By: Nawa Tunggal / Kompas

Potential Production of Second Generation Biofuels

The original article was written in Bahasa Indonesia. Translation by Michael Putrawenas.

Indonesia has a huge potential to produce second generation biofuel that can be produced from waste, residue, and non-crop plants. Second generation biofuel does not compete with sugarcane, corn, wheat, palmoil, or other plants that require large area of land such as jatropha.

Second generation biofuel technology is not necessarily an alien concept in the world of biology, chemistry, or physics. This technology is capable to integrate existing scientific theories into an alternative to meeting future energy demand which is environmentally friendly.

Feedstock that can be used to produce second generation biofuel is among others liquid waste from various sources. It can be from household, industry, or agriculture. Because of its nature and abundant stock, liquid waste is considered as a highly potential feedstock.

“Urban society in developed countries often face severe environmental challenge because of the liquid waste they produce. These kinds of society will need an application of second generation biofuel,” says Tim Grotenhuis, environmental scientist at Wageningen University, the Netherlands, to Kompas who was invited by Netherlands Education Support Office (NESO) Indonesia, last Friday (21/9).

NESO is a subordinate of Dutch Ministry for Education that runs programs to promote Dutch higher education as well as channeling scholarships to Indonesian young professionals. Wageningen University is one of the research universities that focuses on biotechnology (and bioenergy).

Tim Grotenhuis also explains that Wageningen University is conducting a variety of biotechnology research programs. One of them is to develop jatropha as a substitute to fossil-based diesel. Another program is to develop blue energy from ionization of fresh water and salt water to generate electricity.

Due to time constraints of our visit, Tim offerred to specifically show the project that generate energy from liquid waste. The project was chosen because of its high relevance to the problems faced in developing countries such as Indonesia.

According to Tim, up until now the treatment of liquid waste is still focused on recycling to fresh or drinking water. Second generation biofuel can play its role to optimize waste treatment by producing energy and nutrient. The only byproduct from biofuel cell technology is fresh water – making this technology most environmentally friendly and can support drinking water supply.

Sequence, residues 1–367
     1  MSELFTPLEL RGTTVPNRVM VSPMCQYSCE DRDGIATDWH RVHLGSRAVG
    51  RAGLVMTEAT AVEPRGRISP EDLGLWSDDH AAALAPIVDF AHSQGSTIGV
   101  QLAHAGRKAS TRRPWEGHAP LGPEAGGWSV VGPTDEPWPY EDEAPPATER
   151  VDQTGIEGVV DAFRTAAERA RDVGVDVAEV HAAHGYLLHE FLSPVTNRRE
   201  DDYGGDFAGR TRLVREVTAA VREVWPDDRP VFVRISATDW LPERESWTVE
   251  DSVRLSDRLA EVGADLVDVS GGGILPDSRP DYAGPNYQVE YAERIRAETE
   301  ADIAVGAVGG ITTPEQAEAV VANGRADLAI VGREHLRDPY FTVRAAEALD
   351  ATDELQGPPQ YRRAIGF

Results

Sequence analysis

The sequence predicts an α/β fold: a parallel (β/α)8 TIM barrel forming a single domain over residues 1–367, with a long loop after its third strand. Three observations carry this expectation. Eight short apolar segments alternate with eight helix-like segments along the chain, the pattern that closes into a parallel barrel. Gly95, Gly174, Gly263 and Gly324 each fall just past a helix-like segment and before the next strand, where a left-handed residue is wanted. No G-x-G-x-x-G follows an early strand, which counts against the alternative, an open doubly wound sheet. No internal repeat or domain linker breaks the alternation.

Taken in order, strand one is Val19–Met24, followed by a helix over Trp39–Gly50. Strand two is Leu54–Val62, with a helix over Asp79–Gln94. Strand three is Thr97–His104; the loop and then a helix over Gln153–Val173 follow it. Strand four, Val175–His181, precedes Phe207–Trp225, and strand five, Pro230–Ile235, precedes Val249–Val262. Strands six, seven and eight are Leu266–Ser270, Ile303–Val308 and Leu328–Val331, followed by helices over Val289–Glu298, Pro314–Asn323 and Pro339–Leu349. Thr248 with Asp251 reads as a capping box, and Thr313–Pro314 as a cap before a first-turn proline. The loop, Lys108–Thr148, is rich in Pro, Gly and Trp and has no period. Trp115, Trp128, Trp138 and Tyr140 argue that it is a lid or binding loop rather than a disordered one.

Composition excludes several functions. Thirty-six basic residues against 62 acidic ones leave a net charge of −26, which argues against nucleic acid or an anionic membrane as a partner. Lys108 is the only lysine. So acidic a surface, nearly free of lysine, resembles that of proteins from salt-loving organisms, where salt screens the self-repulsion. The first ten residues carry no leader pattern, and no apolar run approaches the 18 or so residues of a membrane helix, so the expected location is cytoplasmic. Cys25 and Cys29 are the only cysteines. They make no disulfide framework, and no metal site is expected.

Other than energy, it also produces nutrient such as phosphor and nitrogen that are of great use for plants like algae. The most important application for second generation biofuel is to produce hydrogen as fuel cell. Hydrogen production is preceded by producing methane.

The natural process of producing methane can be seen in the decomposition process of household waste from its solid and acid elements. Methane emerges from the solid waste, while the acid is recycled into water. The remains of the solid waste then undergo anaerobic process and releases methane and carbon dioxide. From the methane gas, 90% hydrogen can be produced by heating it up to 400-500 degree Celcius and separation process through catalyst membrane that leaves CO2.

The hydrogen is then ready to generate energy by fuel cell technology. Fuel cell technoloy with hydrogen fuel is not only useful to generate electricity, but can also be developed as transport fuel. Some countries are already developing such application.

“Second generation biofuel concept by using liquid waste as feedstock is categorically new and we are still researching to have an applicable technology,” says Grotenhuis.

Plant residue

An interesting application of second generation biofuel is mentioned by an Indnesian citizen working in the Netherlands, Michael Putrawenas (24). Michael, an alumni of Erasmus University, the Netherlands, at the moment works as carbondioxide strategy analyst at Shell Renewables. “Europe is very interested to develop second generation biofuels”, says Michael.

Michael gives an example that the company he works for is looking into producing cellulosic ethanol from plant fibre and residue of crop waste such as wheat. Shell is working with Iogen Corporation from Canada in its research.

Cellulosic ethanol research is pioneered by Shell since 2002. In 2006, Volkswagen joined Shell and Iogen Corporation to conduct feasibility study to be able to economically produce cellulosic ethanol in Germany.

Shell’s effort provides a glimpse of the potential from second generation biofuel.

The interesting challenge is that waste apparently can be processed into something much more valuable. This can only be done with more research into second generation biofuel.

The development of second generation biofuel is more than appropriate to be taken seriously in Indonesia. Methane gas is abundant especially with open dumping waste management.

Ironically, strategic bodies like the Technology Review and Application Body is still importing methane to produce hydrogen. So?

Source:Kompas
5 October 2007
www.kompas.com (IPTEK)

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